Bike Town USA President David Scully, left, a proponent of Referendum 2A, visits with Steamboat Springs City Council candidate Tony Connell prior to an election forum sponsored by the Steamboat Springs Board of Realtors, the Routt County Democratic and Republican parties and the Steamboat Pilot & Today.

Photo by John F. Russell

Bike Town USA President David Scully, left, a proponent of Referendum 2A, visits with Steamboat Springs City Council candidate Tony Connell prior to an election forum sponsored by the Steamboat Springs Board of Realtors, the Routt County Democratic and Republican parties and the Steamboat Pilot & Today.

Steamboat city council, school board candidates face off at election forum

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— Thursday night’s election forum at The Steamboat Grand brought out differences among the three candidates in the Steamboat Springs City Council District 1 race on the issue of pay raises for city employees.

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The forum will be rebroadcast on TV 18 at 8 p.m. Tuesdays and Thursdays through Election Day. The video also will be posted on the Steamboat Pilot & Today website.

Candidate Clark Davidson promised he would see that city staffers were fairly compensated. He went further to suggest that measures need to be taken to improve the security they feel in their working environment.

“I will ensure the city staff is fairly compensated and provide a positive work environment.” Davidson said in his introductory remarks.

Davidson added that he thinks city staffers have valuable contributions to make in the decision-making process but the sense he has is they are reluctant to engage in those discussions because they “fear repercussions.”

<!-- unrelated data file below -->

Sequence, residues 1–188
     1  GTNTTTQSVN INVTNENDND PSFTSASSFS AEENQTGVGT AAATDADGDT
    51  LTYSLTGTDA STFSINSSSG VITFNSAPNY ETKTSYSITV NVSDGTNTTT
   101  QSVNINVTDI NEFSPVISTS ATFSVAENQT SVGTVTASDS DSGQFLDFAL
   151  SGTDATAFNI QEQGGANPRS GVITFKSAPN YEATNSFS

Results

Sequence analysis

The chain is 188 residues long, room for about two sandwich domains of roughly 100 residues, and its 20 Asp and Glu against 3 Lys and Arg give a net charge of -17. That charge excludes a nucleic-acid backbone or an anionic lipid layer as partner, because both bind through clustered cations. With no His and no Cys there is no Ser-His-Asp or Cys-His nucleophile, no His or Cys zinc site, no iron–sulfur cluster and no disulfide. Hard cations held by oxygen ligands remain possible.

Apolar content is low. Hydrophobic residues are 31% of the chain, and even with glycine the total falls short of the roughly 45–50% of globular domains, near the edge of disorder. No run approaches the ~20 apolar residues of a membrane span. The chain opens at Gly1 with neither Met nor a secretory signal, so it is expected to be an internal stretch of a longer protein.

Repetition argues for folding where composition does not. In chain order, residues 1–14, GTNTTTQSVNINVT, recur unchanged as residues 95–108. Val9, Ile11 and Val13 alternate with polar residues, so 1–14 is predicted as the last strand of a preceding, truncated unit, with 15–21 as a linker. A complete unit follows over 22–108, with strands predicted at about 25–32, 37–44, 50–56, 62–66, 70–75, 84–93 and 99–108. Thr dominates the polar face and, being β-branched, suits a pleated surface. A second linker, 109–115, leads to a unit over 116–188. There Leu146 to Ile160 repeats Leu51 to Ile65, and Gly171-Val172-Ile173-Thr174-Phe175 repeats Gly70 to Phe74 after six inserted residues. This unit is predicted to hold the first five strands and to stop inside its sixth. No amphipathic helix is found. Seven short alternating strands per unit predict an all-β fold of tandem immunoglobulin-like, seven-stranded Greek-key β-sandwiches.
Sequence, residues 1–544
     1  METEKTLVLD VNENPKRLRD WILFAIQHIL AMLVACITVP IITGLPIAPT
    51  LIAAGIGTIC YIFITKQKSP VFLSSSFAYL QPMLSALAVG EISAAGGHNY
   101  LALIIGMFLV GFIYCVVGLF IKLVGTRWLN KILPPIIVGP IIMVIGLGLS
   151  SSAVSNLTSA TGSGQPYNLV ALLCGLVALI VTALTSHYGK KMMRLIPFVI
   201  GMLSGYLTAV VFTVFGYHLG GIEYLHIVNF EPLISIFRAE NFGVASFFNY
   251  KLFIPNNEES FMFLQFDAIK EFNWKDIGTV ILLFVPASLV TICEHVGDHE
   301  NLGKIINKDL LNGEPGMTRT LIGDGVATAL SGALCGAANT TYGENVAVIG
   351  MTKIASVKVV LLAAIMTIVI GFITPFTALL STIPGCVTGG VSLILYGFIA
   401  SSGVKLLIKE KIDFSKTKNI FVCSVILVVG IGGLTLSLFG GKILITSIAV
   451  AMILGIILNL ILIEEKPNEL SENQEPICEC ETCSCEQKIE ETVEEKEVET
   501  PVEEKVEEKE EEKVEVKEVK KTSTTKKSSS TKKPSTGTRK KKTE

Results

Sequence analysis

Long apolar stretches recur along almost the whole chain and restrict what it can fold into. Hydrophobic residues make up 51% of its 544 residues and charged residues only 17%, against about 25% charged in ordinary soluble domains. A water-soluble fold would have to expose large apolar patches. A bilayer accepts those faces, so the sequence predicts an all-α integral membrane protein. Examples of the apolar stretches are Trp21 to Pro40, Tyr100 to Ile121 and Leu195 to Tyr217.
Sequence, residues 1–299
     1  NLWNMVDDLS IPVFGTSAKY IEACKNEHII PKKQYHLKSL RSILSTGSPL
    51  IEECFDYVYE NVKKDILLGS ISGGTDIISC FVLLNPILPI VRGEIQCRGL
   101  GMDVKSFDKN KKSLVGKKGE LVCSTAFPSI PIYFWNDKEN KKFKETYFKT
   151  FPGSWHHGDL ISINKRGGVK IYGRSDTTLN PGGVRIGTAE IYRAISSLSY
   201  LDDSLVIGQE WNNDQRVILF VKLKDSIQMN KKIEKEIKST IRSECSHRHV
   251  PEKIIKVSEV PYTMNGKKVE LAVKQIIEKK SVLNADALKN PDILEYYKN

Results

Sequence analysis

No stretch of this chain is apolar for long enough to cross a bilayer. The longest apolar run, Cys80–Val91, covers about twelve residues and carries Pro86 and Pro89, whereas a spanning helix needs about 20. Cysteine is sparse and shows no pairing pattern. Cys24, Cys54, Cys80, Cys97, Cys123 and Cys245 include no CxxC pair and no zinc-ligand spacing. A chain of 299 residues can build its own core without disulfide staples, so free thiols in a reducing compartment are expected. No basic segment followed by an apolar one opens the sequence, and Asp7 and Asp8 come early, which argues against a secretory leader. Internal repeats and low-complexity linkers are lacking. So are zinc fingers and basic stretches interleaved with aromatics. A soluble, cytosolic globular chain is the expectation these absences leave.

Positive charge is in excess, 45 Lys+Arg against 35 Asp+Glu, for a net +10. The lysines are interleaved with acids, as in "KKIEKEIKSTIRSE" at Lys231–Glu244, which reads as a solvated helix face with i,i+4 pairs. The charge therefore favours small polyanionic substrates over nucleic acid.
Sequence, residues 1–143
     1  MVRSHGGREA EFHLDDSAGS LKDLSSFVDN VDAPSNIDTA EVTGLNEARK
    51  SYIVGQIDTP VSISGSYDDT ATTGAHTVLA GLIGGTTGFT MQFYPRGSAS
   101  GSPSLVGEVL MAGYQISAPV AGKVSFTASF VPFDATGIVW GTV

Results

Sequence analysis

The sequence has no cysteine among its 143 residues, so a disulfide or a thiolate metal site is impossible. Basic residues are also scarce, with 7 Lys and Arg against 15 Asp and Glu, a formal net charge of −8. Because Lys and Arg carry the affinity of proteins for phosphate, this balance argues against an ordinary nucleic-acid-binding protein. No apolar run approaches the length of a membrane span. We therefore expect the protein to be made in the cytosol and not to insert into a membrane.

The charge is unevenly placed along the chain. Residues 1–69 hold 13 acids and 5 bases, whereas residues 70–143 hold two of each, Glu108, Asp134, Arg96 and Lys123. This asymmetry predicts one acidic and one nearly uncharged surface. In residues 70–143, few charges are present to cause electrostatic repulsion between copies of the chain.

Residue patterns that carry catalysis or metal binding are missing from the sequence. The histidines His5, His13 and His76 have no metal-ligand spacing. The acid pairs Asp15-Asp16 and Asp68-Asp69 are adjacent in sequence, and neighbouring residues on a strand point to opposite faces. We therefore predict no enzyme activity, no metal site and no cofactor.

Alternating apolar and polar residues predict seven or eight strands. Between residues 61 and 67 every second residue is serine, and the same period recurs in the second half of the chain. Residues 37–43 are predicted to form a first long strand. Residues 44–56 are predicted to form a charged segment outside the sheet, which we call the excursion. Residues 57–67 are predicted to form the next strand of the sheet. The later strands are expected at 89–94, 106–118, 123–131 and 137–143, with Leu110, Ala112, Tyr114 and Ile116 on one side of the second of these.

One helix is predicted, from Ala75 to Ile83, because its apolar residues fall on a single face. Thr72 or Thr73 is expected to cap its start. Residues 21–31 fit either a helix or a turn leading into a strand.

The Steamboat Springs Board of Realtors, the Routt County Republican and Democratic parties and the Steamboat Pilot & Today hosted the forum, which was attended by about 75 people. Pilot & Today Editor Lisa Schlichtman served as moderator.

City employees saw their compensation frozen and had their hours reduced by 10 percent at the height of the 2009 recession. However, City Council this month has been contemplating extending market raises to some employees based on a survey of workers in other mountain towns with similar job descriptions.

Asked by Schlichtman, “Do you support the city’s proposed market-rate pay raise plan for employees?” candidate Tony Connell said looking at comparable communities and arriving at a percentage raise might not be the best approach.

“I do believe there are some market rate increases that should be done,” Connell said. “But rather than going position by position and looking at only mountain towns is probably not the way to go.”

Connell said instead of looking at 4 percent raises, he thinks city government should be offering contingency fees.

“We should hold the line until we see that we are clearly out of the woods,” Connell said.

Candidate John Fielding rejected the idea of giving raises right now, particularly dipping into city reserve funds to do so.

“I think it’s a very bad idea,” Fielding said. “They make an average of $500 more a month than their private-sector counterparts.”

He contended that city employees enjoy more vacation time annually and better health insurance benefits than many private-sector employees. Giving pay raises could put the city in a difficult position if tourism were to dry up for six to nine months, he added.

Davidson was more supportive of raises for city employees than his opponents.

“I think a vast amount of city employees deserve raises,” Davidson said. “I don’t think they need to be jumped up a lot — it should be done over time. City employees in some departments make plenty," others not.

Earlier, in his introductory remarks, Davidson was critical of the hiring process that led to the promotion of Deb Hinsvark to city manager.

“A current refrain I hear is a concern over our current city leadership,” Davidson said. “Right now, our city has undertaken a new nationwide search for a director of parks and recreation,” as it should.